Taking that metaphor even further, the book itself feels kind of like it is made of ice. On the surface, it is a hard, slow story, but something hidden burns within. I have to imagine even the author doesn't know all the mysteries that reside here. It very much has the feel of a book written by the subconscious. And though it is mysterious, it is very consistent -- Le Guin creates an incredibly solid world. When it was over, it was hard for me to imagine that "kemmer", "shifgrethor", and other concepts were just part of this story -- the world became real, and I didn't want to let it go.

Saturday, July 24, 2010

Toy Story 3

Because of my work on Toy Story Mania, I got to see this about six months back, when it was only partly done. It was exciting to see it finished! When it was partly done, there were a lot of scenes I wondered about -- how would they render that tortilla Mr. Potato Head? How about the garbage, or the furnace? And of course, they pulled it all off brilliantly. This is definitely the darkest of the three films. After we saw it, at home, my daughter said to me, "Daddy, remember how I got to hug Lotso when we were at Disneyworld this year?"
"Yes," I replied.
"I'm kind of sorry I did that."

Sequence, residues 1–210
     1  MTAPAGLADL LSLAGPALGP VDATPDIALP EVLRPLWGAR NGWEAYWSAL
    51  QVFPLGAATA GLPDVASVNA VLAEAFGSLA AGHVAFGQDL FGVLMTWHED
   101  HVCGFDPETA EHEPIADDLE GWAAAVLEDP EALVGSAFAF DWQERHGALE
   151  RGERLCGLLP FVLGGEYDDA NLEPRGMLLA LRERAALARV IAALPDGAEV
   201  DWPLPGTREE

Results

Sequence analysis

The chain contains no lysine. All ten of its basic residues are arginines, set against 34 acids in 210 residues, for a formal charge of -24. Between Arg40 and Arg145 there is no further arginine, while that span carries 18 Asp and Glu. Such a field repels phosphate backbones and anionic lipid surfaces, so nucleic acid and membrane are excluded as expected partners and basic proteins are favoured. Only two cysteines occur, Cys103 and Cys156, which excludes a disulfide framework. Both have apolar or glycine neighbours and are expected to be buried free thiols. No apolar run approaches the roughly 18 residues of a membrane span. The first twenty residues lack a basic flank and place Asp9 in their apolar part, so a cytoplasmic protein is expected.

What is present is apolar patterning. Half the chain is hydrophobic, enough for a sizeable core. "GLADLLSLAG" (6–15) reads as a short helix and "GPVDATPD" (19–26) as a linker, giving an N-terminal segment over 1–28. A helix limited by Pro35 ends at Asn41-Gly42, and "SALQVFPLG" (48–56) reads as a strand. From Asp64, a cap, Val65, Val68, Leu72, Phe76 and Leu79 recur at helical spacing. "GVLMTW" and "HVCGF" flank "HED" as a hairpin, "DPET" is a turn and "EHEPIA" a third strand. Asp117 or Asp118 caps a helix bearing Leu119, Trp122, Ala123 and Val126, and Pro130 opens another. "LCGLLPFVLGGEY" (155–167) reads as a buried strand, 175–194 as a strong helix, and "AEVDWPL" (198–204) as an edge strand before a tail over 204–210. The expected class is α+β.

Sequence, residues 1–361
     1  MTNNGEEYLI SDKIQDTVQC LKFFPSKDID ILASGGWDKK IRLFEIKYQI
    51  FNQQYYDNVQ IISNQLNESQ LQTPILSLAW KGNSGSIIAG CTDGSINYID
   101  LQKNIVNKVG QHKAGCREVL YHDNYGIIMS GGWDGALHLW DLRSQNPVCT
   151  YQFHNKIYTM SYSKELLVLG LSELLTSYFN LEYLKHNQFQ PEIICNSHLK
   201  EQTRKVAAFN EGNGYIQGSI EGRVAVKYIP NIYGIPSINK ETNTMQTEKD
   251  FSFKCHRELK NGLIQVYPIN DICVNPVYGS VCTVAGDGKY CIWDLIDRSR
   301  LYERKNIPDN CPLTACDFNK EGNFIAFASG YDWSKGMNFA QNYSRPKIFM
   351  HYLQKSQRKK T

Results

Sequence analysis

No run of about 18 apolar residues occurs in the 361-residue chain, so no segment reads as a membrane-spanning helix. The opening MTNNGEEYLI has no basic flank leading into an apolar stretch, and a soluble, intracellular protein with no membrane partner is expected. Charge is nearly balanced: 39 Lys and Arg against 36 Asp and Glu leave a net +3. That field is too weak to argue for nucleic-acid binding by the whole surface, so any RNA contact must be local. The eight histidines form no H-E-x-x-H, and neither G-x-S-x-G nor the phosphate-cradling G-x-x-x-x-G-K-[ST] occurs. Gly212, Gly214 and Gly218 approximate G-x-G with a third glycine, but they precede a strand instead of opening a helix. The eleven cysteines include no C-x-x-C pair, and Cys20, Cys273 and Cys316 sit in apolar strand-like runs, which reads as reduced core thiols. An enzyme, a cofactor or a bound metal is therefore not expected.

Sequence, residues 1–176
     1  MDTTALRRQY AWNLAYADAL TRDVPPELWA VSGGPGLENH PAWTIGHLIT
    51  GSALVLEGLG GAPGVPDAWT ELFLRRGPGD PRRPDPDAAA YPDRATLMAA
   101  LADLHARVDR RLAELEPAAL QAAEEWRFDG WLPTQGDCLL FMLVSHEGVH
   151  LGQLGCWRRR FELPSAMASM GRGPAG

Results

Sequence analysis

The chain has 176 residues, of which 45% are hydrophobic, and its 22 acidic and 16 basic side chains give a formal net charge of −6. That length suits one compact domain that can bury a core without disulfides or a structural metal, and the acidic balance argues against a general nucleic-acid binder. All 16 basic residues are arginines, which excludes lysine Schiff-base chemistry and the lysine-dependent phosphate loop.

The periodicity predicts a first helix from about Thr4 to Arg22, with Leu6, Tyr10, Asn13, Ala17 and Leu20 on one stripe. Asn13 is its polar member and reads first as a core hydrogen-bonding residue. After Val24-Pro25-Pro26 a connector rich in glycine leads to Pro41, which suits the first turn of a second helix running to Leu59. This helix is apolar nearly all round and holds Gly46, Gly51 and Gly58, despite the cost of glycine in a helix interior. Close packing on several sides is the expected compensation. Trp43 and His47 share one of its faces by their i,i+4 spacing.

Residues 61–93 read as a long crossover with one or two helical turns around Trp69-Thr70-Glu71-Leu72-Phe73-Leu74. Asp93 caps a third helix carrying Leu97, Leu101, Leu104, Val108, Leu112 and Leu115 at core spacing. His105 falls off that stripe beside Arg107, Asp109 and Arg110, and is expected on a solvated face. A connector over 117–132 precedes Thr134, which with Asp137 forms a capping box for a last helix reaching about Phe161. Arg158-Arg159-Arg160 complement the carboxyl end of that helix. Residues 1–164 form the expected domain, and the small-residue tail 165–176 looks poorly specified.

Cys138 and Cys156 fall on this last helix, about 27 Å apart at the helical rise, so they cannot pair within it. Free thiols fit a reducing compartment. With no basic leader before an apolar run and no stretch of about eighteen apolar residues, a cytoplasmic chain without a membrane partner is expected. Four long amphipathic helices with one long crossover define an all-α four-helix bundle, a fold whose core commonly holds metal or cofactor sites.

Friday, July 23, 2010

ARE 2010

I was incredibly honored to be asked to keynote the ARE2010 conference alongside Will Wright and Bruce Sterling. Highlights for me were getting a chance to talk to those guys, and also getting to meet Rudy Rucker! I had a weird moment where I asked Rudy if he'd heard the announcement Japan has made that they are going to create an outpost of autonomous robots on the moon in 2020, and he just smiled and said, "No, I hadn't heard that." (See, that's the premise of Software, maybe his best known book.)

Anyway, the conference was really cool. I learned a lot about what is going on in the AR world. It really had a feeling like we were at the beginning of something great, like we'd look back one day at that modest gathering, and shake our heads at how naive we were. A bunch of us went out for dinner at the end, and placed bets about how many years this conference will last -- will there be an ARE2020? Most people said 3-5 years... but I don't know... I think that maybe it could go much, much longer.

You can see (crude) recordings of the keynote speeches here: I was really proud at how my talk came off... with one regret -- I had a poem I was going to read to set up the ending, but I was nervous that it would come off corny, or make me go over time. Looking back, I wish I had done it. I hope one day I get a chance to give this talk again.

Thursday, July 22, 2010

"X" The Man with the X-Ray Eyes

This is one of my all-time favorite movies, a Roger Corman classic. As I was prepping my talk for the ARE2010 conference, it kept coming to mind, so I sat down and watched the whole thing (on the plane on the way to the conference), and it proved to be the anchor for the whole talk! For such a goofy movie, it has surprisingly deep implications. I wonder what else its screenwriter has written?